He saved us and called us to a holy life,
not according to our works
but according to his own design
and the grace bestowed on us in Christ Jesus before time began,
but now made manifest
through the appearance of our savior Christ Jesus,
who destroyed death and brought life and immortality
to light through the gospel. (2 Tim. 1.8b-10)
And he was transfigured before them;
his face shone like the sun
and his clothes became white as light. (Mt. 17.2)
I have always been interested in the unseen. I’ve always wanted there to be more than I can see or smell or taste or touch or hear. That’s why I was overjoyed to be asked to write on the Transfiguration, the unveiling of Christ before three of his disciples. For a moment they get to see him as he really is, they get to see the divinity and humanity in him, united, unconfused, and inextricable. Christ unveiled, what a terrifying, beautiful thought.
One scene that has often attracted me in Tolkien’s The Lord of the Rings is when Frodo recounts seeing Glorfindel to Gandalf:
“‘I thought I saw a white figure that shone and did not grow dim like the others. Was that Glorfindel then?'”
“‘Yes, you saw him for a moment as he is upon the other side: one of the mighty Firstborn. He is an Elf-lord of the house of princes.'”
Frodo is wearing the ring when he sees this sight. He has passed through a kind of veil (which is what makes him invisible to the others) and is able to see with another kind of sight. He is able to see, thanks to the Ring, through the veil. Of course, the ring is evil and while it unveils some things, it veils others. While Glorfindel becomes clearer in some ways, Frodo cannot recognize him. The world of physical things becomes a little hazier to a wearer of the One Ring.
Not so with Christianity; we are an unveiling religion. This is what I love about the passage from Paul that goes with today’s Gospel. Before the coming of Christ the cosmos was still partially veiled. Some of the veil had come down as God began to reveal himself to the Ancient Hebrews, but there was still cloud and mystery, the Son had not been made manifest, nor had the Spirit. But with the Advent of Christ the veil has been pulled away, the cosmos has been laid bear and we are called to live a holy life.
And yet, so often we still cannot see. So much still seems veiled, even the Person of the Spirit has not been made as clear to us in revelation as the Father and Son have. But more than that, we look at the world and see less than we ought. Why? Why is it that Peter at the moment of the Transfiguration (in Luke’s retelling) is described as not knowing what he was saying?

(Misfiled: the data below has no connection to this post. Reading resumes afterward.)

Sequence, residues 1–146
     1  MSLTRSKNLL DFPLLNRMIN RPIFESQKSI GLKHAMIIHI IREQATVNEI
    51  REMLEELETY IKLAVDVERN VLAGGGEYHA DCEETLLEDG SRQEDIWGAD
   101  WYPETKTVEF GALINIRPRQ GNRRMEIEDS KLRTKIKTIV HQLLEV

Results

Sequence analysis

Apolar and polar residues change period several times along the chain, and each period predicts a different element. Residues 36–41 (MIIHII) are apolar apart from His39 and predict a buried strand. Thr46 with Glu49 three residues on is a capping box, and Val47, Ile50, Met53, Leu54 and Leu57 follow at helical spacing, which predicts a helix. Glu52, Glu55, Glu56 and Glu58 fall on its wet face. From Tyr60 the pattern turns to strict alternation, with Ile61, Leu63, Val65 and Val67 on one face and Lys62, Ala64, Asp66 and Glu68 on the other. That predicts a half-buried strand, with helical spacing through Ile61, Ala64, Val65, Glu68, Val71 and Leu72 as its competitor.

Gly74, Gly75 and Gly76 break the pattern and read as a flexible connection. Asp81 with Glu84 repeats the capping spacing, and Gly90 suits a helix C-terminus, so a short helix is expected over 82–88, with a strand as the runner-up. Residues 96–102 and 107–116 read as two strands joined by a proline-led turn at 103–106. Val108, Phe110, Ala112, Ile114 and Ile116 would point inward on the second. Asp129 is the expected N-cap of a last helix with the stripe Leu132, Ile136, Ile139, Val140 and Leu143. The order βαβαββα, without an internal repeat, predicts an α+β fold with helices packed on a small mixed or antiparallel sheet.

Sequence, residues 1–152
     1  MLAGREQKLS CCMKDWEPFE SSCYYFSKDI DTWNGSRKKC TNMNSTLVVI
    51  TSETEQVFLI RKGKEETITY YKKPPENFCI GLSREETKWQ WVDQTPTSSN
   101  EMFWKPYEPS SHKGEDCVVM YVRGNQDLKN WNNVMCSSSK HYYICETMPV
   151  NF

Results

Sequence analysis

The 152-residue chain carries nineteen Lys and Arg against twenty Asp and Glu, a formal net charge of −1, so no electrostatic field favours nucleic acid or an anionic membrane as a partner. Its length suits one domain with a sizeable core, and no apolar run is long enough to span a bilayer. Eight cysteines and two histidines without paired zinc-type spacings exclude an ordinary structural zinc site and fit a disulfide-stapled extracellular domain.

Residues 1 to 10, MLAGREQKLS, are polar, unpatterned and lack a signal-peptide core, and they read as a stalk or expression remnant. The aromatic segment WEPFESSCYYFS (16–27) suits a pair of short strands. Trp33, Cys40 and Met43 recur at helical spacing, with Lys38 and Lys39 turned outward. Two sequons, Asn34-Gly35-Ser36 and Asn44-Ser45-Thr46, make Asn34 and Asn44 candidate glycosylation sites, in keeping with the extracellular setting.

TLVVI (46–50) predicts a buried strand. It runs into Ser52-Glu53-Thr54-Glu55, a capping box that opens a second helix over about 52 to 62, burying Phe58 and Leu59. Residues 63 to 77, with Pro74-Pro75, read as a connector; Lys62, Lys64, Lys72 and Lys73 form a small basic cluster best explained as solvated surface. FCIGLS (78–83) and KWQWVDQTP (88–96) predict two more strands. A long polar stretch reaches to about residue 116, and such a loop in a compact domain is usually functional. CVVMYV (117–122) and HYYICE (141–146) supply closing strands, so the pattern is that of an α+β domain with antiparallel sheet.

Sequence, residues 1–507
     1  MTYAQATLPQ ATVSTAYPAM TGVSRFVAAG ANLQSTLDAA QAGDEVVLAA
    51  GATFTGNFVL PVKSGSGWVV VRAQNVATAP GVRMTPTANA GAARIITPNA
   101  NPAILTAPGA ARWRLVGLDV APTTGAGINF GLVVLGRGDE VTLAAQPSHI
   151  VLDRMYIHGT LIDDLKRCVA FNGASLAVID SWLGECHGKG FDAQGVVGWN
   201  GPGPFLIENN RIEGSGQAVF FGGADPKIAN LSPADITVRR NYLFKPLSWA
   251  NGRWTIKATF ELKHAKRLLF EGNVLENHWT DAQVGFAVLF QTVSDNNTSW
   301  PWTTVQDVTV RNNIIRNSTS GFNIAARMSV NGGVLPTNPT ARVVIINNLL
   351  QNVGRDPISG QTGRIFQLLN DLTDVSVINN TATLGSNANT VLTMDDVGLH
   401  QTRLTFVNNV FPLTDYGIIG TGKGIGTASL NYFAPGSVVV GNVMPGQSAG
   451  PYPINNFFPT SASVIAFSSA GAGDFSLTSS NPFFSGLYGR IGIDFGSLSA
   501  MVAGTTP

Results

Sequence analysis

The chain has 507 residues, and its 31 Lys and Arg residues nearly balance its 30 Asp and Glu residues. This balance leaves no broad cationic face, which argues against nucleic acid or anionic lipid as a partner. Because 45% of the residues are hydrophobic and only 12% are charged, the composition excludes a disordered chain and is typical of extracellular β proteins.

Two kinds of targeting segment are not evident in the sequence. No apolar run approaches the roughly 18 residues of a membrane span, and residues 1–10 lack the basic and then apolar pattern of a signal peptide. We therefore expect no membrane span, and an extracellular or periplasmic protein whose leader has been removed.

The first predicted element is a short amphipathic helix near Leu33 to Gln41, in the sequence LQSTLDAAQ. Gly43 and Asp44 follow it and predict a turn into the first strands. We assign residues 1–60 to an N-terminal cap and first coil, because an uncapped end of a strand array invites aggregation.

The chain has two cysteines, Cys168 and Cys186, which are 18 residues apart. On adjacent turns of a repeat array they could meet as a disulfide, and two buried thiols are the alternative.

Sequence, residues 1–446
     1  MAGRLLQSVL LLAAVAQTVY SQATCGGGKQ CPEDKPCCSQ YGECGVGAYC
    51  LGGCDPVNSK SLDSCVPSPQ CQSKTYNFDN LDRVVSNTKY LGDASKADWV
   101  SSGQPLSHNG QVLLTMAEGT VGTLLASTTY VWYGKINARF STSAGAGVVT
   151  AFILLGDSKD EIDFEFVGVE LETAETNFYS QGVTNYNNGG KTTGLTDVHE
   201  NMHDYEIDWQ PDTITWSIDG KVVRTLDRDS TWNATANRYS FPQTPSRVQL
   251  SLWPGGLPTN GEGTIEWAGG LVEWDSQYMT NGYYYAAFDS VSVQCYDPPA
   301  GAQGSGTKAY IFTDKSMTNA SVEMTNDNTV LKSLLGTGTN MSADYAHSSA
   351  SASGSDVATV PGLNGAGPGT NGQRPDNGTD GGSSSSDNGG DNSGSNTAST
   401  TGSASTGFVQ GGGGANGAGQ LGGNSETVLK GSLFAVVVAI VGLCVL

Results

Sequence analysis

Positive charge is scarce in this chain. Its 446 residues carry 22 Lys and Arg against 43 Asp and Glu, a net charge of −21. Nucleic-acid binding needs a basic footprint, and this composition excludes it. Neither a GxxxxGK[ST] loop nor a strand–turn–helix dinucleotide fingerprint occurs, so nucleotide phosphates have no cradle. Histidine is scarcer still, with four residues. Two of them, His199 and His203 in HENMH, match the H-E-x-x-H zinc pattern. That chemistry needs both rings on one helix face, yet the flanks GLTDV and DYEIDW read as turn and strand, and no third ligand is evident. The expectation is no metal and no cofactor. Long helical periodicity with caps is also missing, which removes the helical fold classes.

The most obvious answer, and in many ways the most Lenten, is sin. We do not see things correctly because our sight has been perverted by sin both our own and that we share in original sin. I may long to see rightly and I have been given glimpses, but they are just that, glimpses. My sin keeps me from seeing as I ought and it isn’t until Christ returns that I will always be able to see as I am seen. Things are not hopeless, I still have the glimpses, and I am called to live a holy life, but so many days feel like a drudgery. Even when I am granted a glimpse, it can feel like I still see it through the haze.
And yet, we are called to live a holy life, not only called, but designed. We are designed from before all ages to see the cosmos through the light of the Transfiguration. And we need to help one another do so. Failure to do so will leave us impoverished, seeing with only a half-sight, not even as good as that of the ring-wraiths or the demons who know goodness when they encounter it (even if it causes them pain and terror, for being evil in the presence of the source of all goodness cannot be pleasant, not at first). Yes many days bread and wine will be just that, bread and wine. But when seen in the right Light, when seen with the right eyes, we can be reminded that under the right circumstances, while they still appear as bread and wine, they are body and blood of our Lord. And this is our joy. This is the joy of the Transfiguration, this is the joy of Lent. Lent becomes a time to clear the scales from our eyes, to be transfigured by that same Light that transfigured our Lord. May we have eyes to see it.
David Russell Mosley has a PhD in theology, smokes a pipe, drinks scotch, writes with a fountain pen, and does all these things decidedly un-ironically. He writes over at Letters from the Edge of Elfland.